Shifts are only as effective as the number of groundballs hit into them. The second prong of the Pirates' comprehensive run prevention strategy was tied to increasing their pitchers' groundball rates. Defensive change began on the mound. 
So that's how pitching to contact can work: Get the pitchers to generate grounders, assemble a strong defense, and shift the infielders a lot. It's worked for Pittsburgh. How about Minnesota?

If anything, the Twins have gone the other way. Twins pitchers yielded ground balls on 42% of batted balls last year, 12th in the 15-team American League. They were eighth in 2013, 5th in 2012, and eighth in 2011, so they've gotten worse. Not only don't they have pitchers who generate strikeouts, they don't have pitchers who generate grounders. Again, that's an organizational thing, not just a major league level thing.

How about employing defensive shifts? The Twins shifted 85 times in 2013, second fewest in the league. They increased to 478 shifts in 2014, but that moved them up to only 12th in the league. The average American League team shifted 590 times. So they haven't employed shifts, which, as I pointed out, decrease opponents' batting averages on ground balls and soft liners by 30 points, as much as other teams.

As for defense, I looked at the team's defensive efficiency ratio, or DER. DER is a calculation of the percentage of balls in play that get turned into outs. It's useful because it looks that the defensive performance of the entire team. During the Twins' successful run from 2002 to 2010, they ranked eighth or better in the American League every season except 2009. In other words, they were pretty consistently at or, more often, above average. Since then, they've been 13th in 2011, 13th in 2012, 12th in 2013, and 15th in 2014.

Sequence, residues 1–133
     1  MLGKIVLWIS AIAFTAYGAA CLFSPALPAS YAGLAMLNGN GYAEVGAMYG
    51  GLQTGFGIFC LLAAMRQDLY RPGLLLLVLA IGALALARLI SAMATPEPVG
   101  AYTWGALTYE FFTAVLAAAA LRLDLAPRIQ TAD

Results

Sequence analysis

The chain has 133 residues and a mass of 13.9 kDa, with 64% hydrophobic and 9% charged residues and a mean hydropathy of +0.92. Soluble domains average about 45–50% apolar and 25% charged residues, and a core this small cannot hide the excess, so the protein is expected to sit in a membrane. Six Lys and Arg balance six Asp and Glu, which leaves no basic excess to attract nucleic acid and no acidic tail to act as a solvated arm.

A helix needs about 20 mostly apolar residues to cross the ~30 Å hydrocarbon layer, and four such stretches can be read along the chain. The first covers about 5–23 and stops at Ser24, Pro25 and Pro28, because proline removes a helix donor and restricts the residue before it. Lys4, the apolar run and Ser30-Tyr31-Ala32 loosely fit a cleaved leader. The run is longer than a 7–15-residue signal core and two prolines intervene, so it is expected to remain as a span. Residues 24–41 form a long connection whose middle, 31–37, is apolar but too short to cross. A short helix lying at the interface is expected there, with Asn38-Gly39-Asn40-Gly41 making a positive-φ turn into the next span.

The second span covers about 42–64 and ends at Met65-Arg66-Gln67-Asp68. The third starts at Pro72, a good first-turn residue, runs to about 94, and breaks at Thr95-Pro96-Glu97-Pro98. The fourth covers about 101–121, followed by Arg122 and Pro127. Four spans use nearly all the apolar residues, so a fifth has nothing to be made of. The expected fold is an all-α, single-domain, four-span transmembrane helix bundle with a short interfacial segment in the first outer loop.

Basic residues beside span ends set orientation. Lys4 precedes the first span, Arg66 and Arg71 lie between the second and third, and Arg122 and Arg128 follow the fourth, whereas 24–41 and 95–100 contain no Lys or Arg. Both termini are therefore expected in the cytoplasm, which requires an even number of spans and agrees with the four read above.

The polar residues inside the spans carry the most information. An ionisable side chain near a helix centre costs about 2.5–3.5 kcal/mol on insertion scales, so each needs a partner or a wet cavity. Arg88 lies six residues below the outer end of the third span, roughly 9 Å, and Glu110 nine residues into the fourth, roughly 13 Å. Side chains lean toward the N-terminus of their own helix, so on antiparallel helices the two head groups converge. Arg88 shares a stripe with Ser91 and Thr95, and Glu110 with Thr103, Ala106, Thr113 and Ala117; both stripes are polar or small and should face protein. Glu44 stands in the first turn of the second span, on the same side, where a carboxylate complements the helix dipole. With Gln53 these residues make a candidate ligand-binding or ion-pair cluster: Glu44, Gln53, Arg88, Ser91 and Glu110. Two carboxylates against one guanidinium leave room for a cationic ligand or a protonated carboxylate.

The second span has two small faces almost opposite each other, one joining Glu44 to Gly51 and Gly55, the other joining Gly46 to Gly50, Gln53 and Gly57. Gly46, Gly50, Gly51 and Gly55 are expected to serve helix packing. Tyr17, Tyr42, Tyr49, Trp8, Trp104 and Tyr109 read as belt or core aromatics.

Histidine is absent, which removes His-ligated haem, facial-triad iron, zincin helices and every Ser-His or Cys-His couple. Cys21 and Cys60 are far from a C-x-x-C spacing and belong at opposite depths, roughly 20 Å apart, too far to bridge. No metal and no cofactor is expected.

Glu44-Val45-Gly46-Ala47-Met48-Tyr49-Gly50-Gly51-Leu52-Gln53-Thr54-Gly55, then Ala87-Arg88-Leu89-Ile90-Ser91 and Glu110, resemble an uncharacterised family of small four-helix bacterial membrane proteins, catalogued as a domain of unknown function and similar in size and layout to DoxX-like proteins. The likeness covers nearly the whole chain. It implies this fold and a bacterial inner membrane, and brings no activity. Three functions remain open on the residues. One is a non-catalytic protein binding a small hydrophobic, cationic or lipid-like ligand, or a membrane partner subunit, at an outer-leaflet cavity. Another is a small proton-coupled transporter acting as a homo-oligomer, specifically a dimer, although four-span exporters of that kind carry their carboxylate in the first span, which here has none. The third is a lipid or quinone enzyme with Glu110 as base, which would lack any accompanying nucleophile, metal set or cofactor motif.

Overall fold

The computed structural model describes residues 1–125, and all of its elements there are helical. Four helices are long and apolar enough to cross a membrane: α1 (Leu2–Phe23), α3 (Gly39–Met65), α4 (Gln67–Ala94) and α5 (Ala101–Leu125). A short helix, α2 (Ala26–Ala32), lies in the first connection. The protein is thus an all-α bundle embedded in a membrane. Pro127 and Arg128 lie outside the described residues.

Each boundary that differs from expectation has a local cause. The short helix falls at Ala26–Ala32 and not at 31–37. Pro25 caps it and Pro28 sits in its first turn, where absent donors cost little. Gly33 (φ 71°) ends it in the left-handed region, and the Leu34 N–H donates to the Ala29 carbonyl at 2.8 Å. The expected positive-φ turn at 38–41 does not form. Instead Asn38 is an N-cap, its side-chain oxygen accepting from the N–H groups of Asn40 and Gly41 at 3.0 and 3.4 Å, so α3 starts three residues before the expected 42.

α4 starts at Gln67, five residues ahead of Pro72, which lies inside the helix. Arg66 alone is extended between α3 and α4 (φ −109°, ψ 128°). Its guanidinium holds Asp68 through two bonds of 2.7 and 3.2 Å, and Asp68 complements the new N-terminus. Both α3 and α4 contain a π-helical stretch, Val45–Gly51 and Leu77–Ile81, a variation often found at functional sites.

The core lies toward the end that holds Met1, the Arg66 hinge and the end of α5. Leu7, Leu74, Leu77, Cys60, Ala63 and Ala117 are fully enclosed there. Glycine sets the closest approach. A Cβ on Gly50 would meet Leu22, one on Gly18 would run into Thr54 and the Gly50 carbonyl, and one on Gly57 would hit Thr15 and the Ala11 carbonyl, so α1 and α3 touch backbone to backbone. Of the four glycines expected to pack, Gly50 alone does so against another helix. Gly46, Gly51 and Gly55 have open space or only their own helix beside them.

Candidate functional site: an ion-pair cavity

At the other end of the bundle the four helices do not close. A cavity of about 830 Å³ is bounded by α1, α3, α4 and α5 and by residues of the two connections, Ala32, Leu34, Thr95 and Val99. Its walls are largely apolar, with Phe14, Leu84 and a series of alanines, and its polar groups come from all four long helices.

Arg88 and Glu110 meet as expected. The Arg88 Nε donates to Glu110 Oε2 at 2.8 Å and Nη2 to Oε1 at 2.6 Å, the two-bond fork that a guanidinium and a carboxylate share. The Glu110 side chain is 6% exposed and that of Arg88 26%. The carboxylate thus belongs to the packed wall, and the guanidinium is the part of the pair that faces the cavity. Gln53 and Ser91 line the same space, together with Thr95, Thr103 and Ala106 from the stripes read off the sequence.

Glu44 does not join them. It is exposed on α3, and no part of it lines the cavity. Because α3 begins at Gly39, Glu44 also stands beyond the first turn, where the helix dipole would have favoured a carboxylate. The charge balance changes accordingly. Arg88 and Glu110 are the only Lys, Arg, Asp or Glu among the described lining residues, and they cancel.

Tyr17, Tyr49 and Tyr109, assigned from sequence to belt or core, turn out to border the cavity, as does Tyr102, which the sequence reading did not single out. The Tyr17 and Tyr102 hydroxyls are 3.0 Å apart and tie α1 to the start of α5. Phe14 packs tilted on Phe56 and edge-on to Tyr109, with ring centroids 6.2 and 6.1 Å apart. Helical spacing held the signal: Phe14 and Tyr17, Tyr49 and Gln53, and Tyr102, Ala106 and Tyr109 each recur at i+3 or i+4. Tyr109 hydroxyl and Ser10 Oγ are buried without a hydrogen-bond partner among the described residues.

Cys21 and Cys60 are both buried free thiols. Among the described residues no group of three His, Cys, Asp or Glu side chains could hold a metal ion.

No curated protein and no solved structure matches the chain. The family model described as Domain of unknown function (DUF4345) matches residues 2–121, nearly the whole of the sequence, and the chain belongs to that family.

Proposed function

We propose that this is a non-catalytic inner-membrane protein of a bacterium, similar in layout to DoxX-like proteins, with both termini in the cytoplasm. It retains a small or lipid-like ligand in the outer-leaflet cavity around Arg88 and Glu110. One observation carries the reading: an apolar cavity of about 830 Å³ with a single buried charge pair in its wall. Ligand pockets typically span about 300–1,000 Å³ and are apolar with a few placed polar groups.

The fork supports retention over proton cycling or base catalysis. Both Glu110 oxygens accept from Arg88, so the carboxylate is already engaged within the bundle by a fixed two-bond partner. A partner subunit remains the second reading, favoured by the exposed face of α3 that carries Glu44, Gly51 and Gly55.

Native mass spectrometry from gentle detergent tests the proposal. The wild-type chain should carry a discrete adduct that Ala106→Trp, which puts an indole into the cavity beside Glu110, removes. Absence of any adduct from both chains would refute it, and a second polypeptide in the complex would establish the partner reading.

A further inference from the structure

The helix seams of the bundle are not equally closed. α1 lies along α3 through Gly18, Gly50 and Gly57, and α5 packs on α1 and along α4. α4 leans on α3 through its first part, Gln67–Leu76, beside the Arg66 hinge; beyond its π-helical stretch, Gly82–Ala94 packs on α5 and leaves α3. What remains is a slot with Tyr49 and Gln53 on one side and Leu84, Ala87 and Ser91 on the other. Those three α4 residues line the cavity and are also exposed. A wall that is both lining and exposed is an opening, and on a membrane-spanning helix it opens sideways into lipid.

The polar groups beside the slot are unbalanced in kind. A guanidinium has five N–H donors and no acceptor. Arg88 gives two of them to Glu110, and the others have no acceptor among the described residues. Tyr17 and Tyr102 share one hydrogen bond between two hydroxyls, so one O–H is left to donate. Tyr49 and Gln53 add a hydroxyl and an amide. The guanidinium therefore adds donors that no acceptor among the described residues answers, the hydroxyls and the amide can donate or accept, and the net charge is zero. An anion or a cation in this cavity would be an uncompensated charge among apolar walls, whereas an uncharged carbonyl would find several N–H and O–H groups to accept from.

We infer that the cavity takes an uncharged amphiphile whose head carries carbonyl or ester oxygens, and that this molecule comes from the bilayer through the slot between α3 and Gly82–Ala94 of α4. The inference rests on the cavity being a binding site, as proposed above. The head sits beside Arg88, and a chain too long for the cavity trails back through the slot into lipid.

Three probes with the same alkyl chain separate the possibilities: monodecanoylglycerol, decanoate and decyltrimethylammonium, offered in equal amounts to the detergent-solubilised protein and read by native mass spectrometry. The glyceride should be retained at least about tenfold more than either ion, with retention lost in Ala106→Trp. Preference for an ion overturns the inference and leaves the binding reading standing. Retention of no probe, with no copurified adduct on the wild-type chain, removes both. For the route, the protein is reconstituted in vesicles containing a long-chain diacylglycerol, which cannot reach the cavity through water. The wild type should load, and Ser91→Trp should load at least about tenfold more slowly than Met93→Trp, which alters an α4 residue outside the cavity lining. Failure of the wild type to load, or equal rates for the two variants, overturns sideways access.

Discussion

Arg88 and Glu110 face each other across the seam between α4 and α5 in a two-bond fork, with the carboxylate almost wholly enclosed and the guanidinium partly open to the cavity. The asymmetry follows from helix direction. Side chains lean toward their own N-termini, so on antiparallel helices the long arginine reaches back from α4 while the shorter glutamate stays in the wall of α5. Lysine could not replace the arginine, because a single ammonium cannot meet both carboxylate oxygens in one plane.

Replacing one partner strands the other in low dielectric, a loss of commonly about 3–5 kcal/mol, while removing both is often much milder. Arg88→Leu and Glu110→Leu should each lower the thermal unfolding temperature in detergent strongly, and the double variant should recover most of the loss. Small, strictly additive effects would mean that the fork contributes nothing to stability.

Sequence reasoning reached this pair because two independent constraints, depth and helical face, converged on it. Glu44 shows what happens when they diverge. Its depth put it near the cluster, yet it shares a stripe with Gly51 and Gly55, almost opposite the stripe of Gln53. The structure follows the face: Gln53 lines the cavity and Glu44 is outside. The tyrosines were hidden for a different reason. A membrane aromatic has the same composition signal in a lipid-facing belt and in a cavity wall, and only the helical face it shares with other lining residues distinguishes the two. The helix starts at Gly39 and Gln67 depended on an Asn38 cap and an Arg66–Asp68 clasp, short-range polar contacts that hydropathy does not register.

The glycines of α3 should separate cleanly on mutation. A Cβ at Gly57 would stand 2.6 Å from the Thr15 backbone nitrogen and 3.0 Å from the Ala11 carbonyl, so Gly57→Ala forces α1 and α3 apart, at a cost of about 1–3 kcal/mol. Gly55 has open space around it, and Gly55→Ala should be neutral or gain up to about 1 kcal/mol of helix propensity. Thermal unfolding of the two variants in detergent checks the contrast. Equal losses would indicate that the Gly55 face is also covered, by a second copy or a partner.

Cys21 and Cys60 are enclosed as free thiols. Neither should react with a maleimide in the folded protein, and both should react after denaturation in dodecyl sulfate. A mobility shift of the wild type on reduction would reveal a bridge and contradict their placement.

So let's put it together: The Twins have emphasized a pitching philosophy, pitching to contact, that's of questionable merit in a strikeout-driven environment. The three tenets of pitching to contact are ground balls, defensive shifts, and fielding. The Twins don't generate ground balls, they don't shift, and the defense stinks.

This isn't a matter of a manager or a pitching coach. The Twins have been building the wrong kind of team. They've botched drafting, player development, and/or roster construction, resulting in a team that's not positioned for success. General manager Terry Ryan, who held the position from 1994 until after the 2007 season, and again beginning in November 2011, and Bill Smith, who was the team's GM in the interim four years, bear the blame for creating a roster of pitchers who can't miss bats and fielders who can't catch balls. They appear to have been way late to the game of using advanced metrics to position Twins fielders in order to increase outs. It's true that the Twins have a highly-regarded farm system--ESPN's Keith Law ranks them second in baseball--but their two top prospects played only 31 games between them in injury-riddled 2014 seasons. They've been bad for four years because the manager's been given a team that has the wrong type of players for contemporary baseball.

But by all means, blame Gardy. Gotta be his fault, right?